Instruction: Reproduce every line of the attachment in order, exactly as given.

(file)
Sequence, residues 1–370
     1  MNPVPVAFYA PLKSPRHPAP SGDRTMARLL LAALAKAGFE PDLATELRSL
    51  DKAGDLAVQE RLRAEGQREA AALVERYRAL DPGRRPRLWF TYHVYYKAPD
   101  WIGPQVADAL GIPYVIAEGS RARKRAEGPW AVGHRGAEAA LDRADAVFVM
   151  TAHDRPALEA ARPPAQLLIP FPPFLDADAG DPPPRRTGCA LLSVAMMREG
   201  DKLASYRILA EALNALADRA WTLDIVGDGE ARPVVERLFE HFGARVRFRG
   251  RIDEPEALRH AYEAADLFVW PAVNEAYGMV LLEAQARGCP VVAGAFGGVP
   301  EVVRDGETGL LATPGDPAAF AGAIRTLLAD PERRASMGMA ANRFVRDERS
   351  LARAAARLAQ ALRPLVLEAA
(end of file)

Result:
Sequence, residues 1–370
     1  MNPVPVAFYA PLKSPRHPAP SGDRTMARLL LAALAKAGFE PDLATELRSL
    51  DKAGDLAVQE RLRAEGQREA AALVERYRAL DPGRRPRLWF TYHVYYKAPD
   101  WIGPQVADAL GIPYVIAEGS RARKRAEGPW AVGHRGAEAA LDRADAVFVM
   151  TAHDRPALEA ARPPAQLLIP FPPFLDADAG DPPPRRTGCA LLSVAMMREG
   201  DKLASYRILA EALNALADRA WTLDIVGDGE ARPVVERLFE HFGARVRFRG
   251  RIDEPEALRH AYEAADLFVW PAVNEAYGMV LLEAQARGCP VVAGAFGGVP
   301  EVVRDGETGL LATPGDPAAF AGAIRTLLAD PERRASMGMA ANRFVRDERS
   351  LARAAARLAQ ALRPLVLEAA